Star Tribune hails decision as the “right call”

No charges for Minneapolis police officer who killed Amir Locke during no-knock raid

Hennepin County Attorney Mike Freeman announced Wednesday that the City of Minneapolis, Minnesota, would not be filing charges against Special Weapons and Tactics (SWAT) officer Mark Hanneman for the fatal shooting of 22-year-old Amir Locke during a no-knock raid in February. The announcement comes after the conclusion of a weeks-long internal investigation by the Minneapolis Bureau of Criminal Apprehension (BCA) which was sent to the Hennepin County Attorney’s office on March 29.

In the announcement, Freeman appeared with Minnesota Attorney General Keith Ellison, a leading member of the state Democratic Party whose office took over the prosecution of Kim Potter for the killing of Daunte Wright last year in the Minneapolis suburb of Brooklyn Center following growing protests in both cities. Potter was convicted of manslaughter in February and sentenced to two years in prison.

The details of Locke’s killing and the conduct of the Minneapolis Police Department (MPD) and city government in its aftermath point to a clear effort at a cover-up and subsequent whitewash.

On the early morning of February 2, Locke was killed by Hanneman in less than 10 seconds after Minneapolis police initiated the no-knock raid. Raids were conducted on several units of a residential building in Downtown Minneapolis. Locke, who was not wanted for any suspected crime, happened to be sleeping on the couch of a family member’s unit which was forcibly entered by several MPD officers. He was immediately shot as he was startled from his sleep, and died shortly after.

The shooting immediately resulted in outcry once Locke’s family was notified, and the response of the MPD and the Minneapolis city government was to justify the shooting and smear and vilify Locke.

The MPD’s initial statement released in the afternoon of the day of the shooting claimed Locke was a “suspect” in a homicide investigation four times. The statement also claimed that “Officers gained entry to the target apartment on the seventh floor, loudly and repeatedly announced their presence… crossed the threshold of the apartment, and advanced with continued loud announcements of their presence.”

A photo of Locke’s legally owned gun was included in the initial press release along with a statement claiming he was encountered “armed with a handgun pointed in the direction of officers,” in a further attempt to vilify the victim.

Virtually all of the claims the MPD made about Locke and the details of the situation, including the forced entry without announcing their presence and Locke’s activity prior to being shot, were demonstrated to be false when body camera footage from the raid was released the following day.

MPD Chief Amelia Huffman and Minneapolis Democratic Mayor Jacob Frey held a press conference to damage control the release of the body camera footage when Attorney Nekima Levy-Armstrong, Frey’s democratic opponent in the 2020 Minneapolis mayoral election who jointly held the meeting with Frey and Huffman, interrupted Huffman’s attempt to dodge questions on the inconsistencies.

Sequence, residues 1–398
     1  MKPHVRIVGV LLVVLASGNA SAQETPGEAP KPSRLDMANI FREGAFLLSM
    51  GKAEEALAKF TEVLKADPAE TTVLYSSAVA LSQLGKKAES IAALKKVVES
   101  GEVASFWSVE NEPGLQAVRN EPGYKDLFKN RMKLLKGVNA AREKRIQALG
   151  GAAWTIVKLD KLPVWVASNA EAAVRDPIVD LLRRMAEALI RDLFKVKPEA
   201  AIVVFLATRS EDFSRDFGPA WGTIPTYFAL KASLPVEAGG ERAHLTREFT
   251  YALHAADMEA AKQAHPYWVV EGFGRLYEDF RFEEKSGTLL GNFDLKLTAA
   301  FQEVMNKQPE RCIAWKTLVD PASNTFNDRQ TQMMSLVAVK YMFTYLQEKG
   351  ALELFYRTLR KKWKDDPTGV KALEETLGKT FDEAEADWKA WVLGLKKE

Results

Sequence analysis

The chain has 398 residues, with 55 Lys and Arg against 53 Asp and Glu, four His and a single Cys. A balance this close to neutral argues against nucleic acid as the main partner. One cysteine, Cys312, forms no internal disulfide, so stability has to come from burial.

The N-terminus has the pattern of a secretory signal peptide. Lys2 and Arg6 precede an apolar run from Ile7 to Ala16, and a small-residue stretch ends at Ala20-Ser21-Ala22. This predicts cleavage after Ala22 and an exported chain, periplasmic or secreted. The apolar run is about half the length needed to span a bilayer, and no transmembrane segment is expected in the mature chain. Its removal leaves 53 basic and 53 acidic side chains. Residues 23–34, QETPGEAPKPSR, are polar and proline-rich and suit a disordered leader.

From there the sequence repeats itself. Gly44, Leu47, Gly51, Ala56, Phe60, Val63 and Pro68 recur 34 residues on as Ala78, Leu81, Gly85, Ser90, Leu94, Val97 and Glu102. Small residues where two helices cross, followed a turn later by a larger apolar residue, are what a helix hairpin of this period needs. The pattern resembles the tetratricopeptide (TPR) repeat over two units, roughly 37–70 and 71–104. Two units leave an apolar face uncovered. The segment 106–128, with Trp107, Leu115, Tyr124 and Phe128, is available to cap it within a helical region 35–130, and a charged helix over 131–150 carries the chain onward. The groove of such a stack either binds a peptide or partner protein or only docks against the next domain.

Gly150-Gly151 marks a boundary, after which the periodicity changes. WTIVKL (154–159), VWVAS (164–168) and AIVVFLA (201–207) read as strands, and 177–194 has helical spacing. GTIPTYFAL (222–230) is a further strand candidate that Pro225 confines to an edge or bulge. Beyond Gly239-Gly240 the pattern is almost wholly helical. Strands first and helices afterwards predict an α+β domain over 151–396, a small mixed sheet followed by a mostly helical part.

Also left out of the information released immediately following the shooting were that the raids were elevated to a search warrant by the MPD and the warrant itself was not an arrest warrant but a warrant to collect evidence. This raises the question of why a SWAT raid was conducted in the first place.

Neither the Minneapolis BCA nor Freeman specified whether they had taken circumstances into account, nor was any comment made by Freeman or Ellison about the conduct of the MPD and city during their joint appearance. The only concession to the family was the empty declaration that Locke’s killing was “tragedy.”

Immediately following the announcement that there would be no charges, the local press rushed to justify the decision. The Minneapolis Star Tribune editorial board quickly released a statement Wednesday afternoon declaring the clearing of Hanneman “the right call.” The statement continues, “That decision is entirely appropriate and serves to further reinforce the principle that in the American system of justice the law is to be applied impartially in line with the facts.” This statement flies in the face of reality, when the facts were immediately distorted by both the city and the MPD in their crude attempt at a character assassination.

This type of conduct is not limited to the murder of Locke, but it is routinely employed by the police such as the case of Winston Smith, who was killed by the US Marshal Service in June 2021 in Minneapolis, and Breonna Taylor, who was killed in her house in Louisville, Kentucky, by police officers as they burst in her front door late at night in March 2020.

Notably, Ellison praised Mayor Frey’s reaction to anger over Locke’s murder by placing a limited restriction on no-knock raids, despite his election campaign promise to ban them as soon as he was elected. The editors of the Star Tribune praised Ellison and Frey for the requirement that police wait 20 seconds after announcing their arrival, which, given the failure of MPD officers to announce themselves in the raid which resulted in Locke’s death, will likely not be followed.

The announcement of the decision not to charge Hanneman has sparked anger from the community and Locke’s family. Locke’s mother, Karen Wells, spoke at a press conference in New York following the announcement: “I am not disappointed. I am disgusted with the city of Minneapolis. The spirit of my baby is going to haunt you for the rest of your life.”

Protests are planned for this weekend in front of the Minneapolis Government Center and across the city.